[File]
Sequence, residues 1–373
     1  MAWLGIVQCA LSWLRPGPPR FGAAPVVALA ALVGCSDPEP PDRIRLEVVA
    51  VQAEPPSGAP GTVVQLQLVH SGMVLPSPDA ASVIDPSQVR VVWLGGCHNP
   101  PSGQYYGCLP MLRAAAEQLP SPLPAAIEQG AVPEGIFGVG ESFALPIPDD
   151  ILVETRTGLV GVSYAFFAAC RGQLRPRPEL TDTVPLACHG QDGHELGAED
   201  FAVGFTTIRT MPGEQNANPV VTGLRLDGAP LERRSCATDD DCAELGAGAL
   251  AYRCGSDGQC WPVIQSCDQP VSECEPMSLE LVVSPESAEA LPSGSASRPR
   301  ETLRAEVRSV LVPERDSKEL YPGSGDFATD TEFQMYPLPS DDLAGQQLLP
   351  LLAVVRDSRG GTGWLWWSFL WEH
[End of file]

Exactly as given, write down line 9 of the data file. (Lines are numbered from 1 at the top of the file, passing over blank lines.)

   351  LLAVVRDSRG GTGWLWWSFL WEH